What is Vitrification?
Also referred to as crystallisation or re-crystallisation, this is a method used to achieve a high gloss finish. This procedure is usually used as the final polishing process or for regular maintenance in high traffic areas that require a constant shine such as a hotel reception. It is thought by some people that this is a relatively new method of shining stone however it has in fact been used for around 30 years since its invention in Barcelona.
The method works by creating a chemical reaction on the surface of the stone with the use of steel wool and specially formulated chemical compounds. This is only achievable on stone containing calcium carbonate and so most limestone, marble and travertine can be vitrified where as granite cannot.
How Does It Work?
Most manufacturers of vitrification products will use three main ingredients:
- An acid
- Fluorosilicate compounds
Now it may sound strange to use acid in a product which is used on calcite stone because as we know, acid etches these types of stone. In this case however, the acid is used to break down the bond between the calcium and the carbonate. This allows the fluorosilicate to bond with the calcium to produce calcium fluorosilicate. This process has chemically altered the surface of the stone producing a harder finish.
- Super Shine: The main benefit to this system is that it produces an absolutely amazing shine which can be hard to replicate with polishing powders or diamond grinding alone. It must be remembered however that there is no point in vitrifying a surface which is not clean and scratch-free.
- Durability: Because the surface of the stone has been chemically altered to calcium fluorosilicate, it will have a higher durability and be less porous.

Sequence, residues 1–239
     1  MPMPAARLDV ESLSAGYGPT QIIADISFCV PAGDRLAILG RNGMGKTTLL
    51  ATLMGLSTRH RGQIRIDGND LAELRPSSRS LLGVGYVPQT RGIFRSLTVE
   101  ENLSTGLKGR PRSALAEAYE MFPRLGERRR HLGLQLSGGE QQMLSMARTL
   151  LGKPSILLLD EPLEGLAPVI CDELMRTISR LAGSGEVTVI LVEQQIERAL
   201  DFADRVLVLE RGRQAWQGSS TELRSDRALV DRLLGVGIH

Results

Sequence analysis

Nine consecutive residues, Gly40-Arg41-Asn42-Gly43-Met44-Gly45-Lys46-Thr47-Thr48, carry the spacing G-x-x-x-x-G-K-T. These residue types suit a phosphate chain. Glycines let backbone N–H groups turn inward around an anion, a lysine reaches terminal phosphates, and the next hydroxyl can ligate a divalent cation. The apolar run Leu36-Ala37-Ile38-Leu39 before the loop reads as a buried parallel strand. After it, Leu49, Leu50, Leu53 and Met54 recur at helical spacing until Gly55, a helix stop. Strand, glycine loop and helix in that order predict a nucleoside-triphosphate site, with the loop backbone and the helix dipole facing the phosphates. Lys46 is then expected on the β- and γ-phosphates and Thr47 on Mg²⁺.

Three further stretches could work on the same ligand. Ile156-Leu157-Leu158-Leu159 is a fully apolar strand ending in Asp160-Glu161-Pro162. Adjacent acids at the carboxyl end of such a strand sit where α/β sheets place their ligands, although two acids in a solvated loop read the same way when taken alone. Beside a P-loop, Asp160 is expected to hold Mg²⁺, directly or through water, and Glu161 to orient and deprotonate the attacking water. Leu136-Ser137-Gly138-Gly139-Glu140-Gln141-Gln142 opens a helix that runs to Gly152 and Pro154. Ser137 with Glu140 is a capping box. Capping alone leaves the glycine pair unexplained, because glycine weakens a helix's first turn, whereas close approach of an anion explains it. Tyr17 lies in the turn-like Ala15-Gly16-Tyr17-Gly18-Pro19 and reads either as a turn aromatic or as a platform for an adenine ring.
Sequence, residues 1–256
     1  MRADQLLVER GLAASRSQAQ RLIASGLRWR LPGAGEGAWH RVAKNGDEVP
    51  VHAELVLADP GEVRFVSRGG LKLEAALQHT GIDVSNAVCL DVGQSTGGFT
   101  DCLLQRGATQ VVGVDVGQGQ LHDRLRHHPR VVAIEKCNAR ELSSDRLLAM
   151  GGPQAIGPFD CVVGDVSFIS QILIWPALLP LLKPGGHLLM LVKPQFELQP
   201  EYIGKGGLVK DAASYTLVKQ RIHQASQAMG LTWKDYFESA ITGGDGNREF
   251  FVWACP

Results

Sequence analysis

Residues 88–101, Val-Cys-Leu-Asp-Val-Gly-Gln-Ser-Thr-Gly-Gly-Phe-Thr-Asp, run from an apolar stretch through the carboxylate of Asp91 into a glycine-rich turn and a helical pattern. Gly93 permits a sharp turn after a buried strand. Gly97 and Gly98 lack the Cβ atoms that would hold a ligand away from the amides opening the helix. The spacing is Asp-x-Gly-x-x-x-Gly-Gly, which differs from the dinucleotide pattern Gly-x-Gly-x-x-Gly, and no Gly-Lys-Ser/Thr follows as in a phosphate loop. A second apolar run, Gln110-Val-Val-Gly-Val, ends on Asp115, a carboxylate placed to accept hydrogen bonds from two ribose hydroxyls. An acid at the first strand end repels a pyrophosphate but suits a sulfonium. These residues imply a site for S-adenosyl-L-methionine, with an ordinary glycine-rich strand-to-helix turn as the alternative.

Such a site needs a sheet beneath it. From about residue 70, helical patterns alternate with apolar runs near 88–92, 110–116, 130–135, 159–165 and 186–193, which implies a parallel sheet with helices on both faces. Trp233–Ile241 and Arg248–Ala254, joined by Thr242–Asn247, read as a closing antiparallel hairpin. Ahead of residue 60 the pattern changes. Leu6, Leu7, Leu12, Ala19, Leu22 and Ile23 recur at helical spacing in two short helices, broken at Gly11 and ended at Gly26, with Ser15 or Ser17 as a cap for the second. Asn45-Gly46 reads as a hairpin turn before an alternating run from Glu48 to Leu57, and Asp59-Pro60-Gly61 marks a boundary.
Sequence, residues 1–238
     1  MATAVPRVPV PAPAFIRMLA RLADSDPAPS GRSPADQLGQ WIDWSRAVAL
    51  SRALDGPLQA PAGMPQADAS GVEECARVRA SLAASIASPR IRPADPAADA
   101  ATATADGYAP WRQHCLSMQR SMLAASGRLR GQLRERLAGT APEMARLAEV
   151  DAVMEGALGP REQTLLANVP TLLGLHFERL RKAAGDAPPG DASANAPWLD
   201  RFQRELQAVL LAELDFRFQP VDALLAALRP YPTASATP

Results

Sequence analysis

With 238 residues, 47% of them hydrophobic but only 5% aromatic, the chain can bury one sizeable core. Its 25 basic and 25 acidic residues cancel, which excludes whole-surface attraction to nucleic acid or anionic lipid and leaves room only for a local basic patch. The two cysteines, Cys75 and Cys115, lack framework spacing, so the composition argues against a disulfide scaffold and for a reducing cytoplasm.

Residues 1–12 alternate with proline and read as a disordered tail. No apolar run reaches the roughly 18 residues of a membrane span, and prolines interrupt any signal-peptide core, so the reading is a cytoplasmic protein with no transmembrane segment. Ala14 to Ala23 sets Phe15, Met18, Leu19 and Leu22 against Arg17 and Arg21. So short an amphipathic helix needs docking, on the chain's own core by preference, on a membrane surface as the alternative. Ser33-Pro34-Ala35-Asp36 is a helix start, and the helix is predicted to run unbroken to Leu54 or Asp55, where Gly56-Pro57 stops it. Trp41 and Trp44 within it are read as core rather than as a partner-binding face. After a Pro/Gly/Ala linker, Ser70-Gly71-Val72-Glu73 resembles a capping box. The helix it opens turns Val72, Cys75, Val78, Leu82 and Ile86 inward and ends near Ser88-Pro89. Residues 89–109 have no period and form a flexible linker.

- Slip Resistance: Vitrification can produce a slip-resistant surface
Limitation and Disadvantages
- Orange Peel Effect: Over use of this method can produce a false plastic looking floor. This is very common in many commercial buildings where vitrification is seen as an ‘easy’ way to keep the floor looking shiny. Some vitrification products contain acid which is far too em for its purpose and so over time the floor will develop what is known as ‘orange peeling’. This can best be described as a dimpled plastic look which will certainly be shiny but definitely not the desired result. The floor will almost certainly need re-honing at least in order to remedy the problem.
- Short Lived Results: The super high shine achieved by this process will not last very long if a proper maintenance cycle is not put in place. Certainly in high traffic areas the floor will need to be re-crystallised too often in order to maintain the high gloss appearance.
- Long Term Damage: It is argued by many that crystallizing the stone creates an impervious finish on the surface. Although this may seem like an advantage it is actually detrimental to the life span of the stone. Stone needs to breathe and a surface which is completely impregnable while not allowing moisture to escape will cause the stone to rot over a long period of time. Many people dispute this argument and others still will disregard the implications of this effect because it can take a long time to happen if at all.
Vitrification is a process that is debated so much in our industry with the main question usually asked being ‘Is it better than powder polishing?’
In our opinion, there is no such thing as one system being better than another. Different methods will fulfill different requirements. Vitrifying can be a good short term solution for someone on a low budget as long as they understand the long term effects of the process. On the other hand a client may be adamant that a super high shine is required no matter what the cost to keep regrinding and re-crystallising periodically.
This being said, we will always choose not to vitrify if we have the choice. This is mainly because of the false appearance it can give the stone. We have carried out so many restoration projects where the stone, due to over vitrifying, has taken on a completely different appearance compared to its original texture and colour and the only remedy has been to diamond grind the top layer off. The system is over abused by many unqualified in-house operators who believe that vitrifying alone is a complete maintenance procedure. The inevitable effect is a dirty and discoloured but shiny surface.
We much prefer to use our skill with diamond grinding to achieving a natural shine without the use of harsh acids and fluorosilicates.